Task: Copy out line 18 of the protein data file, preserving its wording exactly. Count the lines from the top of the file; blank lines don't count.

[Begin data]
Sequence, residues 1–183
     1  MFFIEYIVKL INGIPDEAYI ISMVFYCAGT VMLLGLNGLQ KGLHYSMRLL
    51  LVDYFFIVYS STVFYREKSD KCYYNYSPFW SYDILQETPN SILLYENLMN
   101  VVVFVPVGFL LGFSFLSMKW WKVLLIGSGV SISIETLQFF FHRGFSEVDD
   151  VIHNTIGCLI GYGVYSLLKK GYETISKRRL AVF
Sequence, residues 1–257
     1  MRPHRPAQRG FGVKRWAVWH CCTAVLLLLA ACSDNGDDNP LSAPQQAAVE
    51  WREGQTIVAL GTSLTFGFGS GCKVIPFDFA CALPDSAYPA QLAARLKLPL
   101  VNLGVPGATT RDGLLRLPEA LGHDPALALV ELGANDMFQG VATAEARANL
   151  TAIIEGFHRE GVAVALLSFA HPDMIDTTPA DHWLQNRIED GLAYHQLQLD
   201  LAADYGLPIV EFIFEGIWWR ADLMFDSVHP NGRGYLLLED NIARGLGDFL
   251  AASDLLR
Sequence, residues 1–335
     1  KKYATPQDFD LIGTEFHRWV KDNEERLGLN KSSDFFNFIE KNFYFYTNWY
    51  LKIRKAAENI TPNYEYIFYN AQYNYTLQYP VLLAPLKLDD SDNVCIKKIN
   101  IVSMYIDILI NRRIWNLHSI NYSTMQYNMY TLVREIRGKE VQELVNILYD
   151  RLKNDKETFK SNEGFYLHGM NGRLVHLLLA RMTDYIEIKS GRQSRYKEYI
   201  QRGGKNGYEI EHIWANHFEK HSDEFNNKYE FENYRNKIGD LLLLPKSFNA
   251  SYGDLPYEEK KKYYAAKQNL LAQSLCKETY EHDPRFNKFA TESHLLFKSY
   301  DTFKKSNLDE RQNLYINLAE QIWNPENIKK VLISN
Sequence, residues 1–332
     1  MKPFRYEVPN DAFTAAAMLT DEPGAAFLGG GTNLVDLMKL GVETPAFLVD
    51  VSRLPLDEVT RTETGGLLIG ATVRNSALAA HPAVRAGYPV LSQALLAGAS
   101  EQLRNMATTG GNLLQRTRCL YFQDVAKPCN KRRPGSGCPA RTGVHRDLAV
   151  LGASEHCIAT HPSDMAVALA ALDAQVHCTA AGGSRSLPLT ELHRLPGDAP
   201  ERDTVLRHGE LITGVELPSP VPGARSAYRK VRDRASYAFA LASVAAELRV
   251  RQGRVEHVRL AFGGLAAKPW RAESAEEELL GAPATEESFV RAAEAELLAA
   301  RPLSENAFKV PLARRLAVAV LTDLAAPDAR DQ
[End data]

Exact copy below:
   201  QRGGKNGYEI EHIWANHFEK HSDEFNNKYE FENYRNKIGD LLLLPKSFNA